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Heart Disease

Heart disease (cardiovascular disease) is the number one cause of death in the United States, as it is worldwide. Coronary heart disease accounts for two-thirds of the American total of heart-related deaths, with congenital heart disease, congestive heart failure, pulmonary heart disease and rheumatic heart disease accounting for much of the rest. As a result, heart disease and circulatory problems are major health issues in the United States. The issues that surround these diseases are never far from public view. Heart disease kills so many Americans, often prematurely, and frightens so many more. Social and cultural issues also come into play. As an example, the death rate from heart disease is significantly higher for black Americans than for whites, both because of diminished access to medical care and because of less-healthy diets.

Living a “healthy” lifestyle, which connotes regular exercise and a health low-fat diet, might be one of the key means of preventing circulatory problems, but in everyday American life, it is often more the ideal than the reality. Certain food substances thought to contribute to heart disease, like cholesterol and salt, have developed almost a personality of their own, and an evil one. Salt (actually the sodium in salt) has a link to high blood pressure. The American public tends to overreact to news, sometimes unsubstantiated, suggesting that foods such as salt or eggs are “bad for you” (rather than bad for only some of us). Some Americans avoid added salt altogether, even though they may not have the slightest sign of high blood pressure. The American processed food industry has long produced “heart-healthy” product lines. American restaurants might offer specific menu items, often indicated by the image of a heart, that appeal to the health conscious. Hearts are big business in America.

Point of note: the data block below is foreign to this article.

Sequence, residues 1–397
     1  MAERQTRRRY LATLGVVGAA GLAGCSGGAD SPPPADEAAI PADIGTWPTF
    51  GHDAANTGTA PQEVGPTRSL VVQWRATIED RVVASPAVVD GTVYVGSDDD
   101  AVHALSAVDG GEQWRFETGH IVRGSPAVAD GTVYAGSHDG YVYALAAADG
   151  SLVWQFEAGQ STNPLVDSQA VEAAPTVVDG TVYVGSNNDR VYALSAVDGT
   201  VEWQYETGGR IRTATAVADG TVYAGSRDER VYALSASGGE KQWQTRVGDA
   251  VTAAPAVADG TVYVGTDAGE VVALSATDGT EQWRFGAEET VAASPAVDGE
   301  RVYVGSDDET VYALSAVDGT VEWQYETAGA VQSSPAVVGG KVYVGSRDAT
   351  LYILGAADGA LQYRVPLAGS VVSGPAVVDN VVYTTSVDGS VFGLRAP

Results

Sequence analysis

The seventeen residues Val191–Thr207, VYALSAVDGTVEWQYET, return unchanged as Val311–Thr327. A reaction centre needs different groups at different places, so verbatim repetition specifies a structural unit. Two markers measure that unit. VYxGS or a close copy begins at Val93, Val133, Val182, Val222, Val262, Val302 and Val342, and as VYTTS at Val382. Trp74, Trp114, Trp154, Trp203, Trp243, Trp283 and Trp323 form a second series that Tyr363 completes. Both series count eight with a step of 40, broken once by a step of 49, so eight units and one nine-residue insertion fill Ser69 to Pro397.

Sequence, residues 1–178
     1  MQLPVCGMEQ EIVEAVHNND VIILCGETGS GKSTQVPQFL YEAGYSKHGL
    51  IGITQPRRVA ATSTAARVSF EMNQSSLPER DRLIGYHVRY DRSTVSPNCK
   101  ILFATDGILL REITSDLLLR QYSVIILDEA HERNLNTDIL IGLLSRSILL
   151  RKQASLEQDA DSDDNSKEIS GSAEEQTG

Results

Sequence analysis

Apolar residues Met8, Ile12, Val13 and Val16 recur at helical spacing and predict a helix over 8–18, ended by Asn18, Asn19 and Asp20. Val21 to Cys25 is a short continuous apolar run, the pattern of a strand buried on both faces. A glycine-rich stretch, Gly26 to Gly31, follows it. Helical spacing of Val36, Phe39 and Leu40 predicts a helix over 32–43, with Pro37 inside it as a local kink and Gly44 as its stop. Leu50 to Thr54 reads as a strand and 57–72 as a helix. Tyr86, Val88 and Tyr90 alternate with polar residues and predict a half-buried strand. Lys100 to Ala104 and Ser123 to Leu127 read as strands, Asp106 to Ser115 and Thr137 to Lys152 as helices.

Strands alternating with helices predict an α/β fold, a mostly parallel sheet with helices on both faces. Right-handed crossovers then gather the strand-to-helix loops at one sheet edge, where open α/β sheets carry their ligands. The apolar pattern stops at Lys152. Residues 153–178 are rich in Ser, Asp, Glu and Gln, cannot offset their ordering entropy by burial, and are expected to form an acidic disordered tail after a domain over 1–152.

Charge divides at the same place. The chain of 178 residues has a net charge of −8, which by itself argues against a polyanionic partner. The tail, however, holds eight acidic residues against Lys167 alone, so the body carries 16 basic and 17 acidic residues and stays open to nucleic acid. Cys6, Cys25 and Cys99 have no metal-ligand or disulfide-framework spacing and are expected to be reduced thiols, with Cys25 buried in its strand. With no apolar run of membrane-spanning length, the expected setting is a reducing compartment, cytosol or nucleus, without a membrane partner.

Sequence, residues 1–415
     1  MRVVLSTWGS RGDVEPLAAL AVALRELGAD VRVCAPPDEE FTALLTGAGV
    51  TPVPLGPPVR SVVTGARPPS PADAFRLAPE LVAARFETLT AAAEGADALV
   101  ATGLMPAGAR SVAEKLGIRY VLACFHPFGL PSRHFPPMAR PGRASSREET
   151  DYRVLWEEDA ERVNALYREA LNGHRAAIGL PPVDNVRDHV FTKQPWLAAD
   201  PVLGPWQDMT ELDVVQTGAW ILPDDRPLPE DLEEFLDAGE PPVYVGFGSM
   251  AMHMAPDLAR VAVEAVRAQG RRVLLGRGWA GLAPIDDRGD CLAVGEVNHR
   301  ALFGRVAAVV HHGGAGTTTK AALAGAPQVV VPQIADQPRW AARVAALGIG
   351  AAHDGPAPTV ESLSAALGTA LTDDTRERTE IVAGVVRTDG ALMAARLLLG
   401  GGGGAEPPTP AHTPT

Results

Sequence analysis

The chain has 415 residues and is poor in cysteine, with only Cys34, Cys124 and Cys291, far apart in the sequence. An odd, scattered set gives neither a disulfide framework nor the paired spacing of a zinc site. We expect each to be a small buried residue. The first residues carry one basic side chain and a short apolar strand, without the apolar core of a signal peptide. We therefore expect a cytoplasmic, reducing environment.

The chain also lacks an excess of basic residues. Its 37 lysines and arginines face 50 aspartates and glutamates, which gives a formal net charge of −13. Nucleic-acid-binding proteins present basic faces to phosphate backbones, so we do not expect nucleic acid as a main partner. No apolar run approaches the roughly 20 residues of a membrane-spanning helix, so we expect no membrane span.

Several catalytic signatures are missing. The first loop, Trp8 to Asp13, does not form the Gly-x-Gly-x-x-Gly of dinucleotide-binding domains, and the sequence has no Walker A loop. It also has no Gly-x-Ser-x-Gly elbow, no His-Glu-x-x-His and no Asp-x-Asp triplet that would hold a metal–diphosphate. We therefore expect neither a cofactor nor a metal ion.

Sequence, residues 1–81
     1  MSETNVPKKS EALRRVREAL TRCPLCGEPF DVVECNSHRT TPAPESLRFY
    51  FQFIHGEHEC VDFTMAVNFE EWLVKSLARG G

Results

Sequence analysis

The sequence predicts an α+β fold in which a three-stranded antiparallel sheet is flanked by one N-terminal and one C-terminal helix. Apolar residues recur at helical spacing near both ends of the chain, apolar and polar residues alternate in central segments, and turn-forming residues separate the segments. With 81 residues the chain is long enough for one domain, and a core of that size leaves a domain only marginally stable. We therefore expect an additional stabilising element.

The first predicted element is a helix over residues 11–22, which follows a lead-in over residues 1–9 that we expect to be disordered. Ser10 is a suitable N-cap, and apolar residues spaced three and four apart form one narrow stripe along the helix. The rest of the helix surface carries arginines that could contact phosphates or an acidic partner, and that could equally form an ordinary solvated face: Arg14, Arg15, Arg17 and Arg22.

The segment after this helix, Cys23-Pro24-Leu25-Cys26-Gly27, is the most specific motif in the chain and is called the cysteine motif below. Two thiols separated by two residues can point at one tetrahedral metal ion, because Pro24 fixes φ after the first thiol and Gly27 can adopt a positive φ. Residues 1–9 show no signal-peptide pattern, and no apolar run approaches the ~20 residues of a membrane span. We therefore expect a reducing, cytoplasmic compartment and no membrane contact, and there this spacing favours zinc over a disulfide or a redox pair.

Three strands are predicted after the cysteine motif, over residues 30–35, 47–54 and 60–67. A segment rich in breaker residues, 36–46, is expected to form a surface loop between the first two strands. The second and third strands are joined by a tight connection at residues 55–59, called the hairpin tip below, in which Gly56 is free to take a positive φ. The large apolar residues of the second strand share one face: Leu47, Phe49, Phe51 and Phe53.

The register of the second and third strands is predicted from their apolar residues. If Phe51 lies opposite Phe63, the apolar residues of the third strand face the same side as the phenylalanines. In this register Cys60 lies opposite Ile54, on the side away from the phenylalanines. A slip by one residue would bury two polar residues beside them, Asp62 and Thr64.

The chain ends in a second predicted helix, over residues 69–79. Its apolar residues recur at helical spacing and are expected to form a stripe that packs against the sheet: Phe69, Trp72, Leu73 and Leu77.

The American pharmaceutical industry is large and well organized, and depends on heart-related drugs for a good portion of its profits. Television commercials for these products are elaborate and sophisticated, often to a frightening extent. Many suggest that diet and exercise are not enough to prevent heart disease, and hence death from heart disease.

Depending on the statistical source, up to two-thirds of Americans are overweight, a quality that usually connotes consumption of unhealthy foods and a heart-risk. The key to all this is that Americans are sensitive to the issues of heart health probably more than any other health issue, even if so many Americans continue to jeopardize their health by eating too much, eating the wrong things, and by getting virtually no regular exercise.

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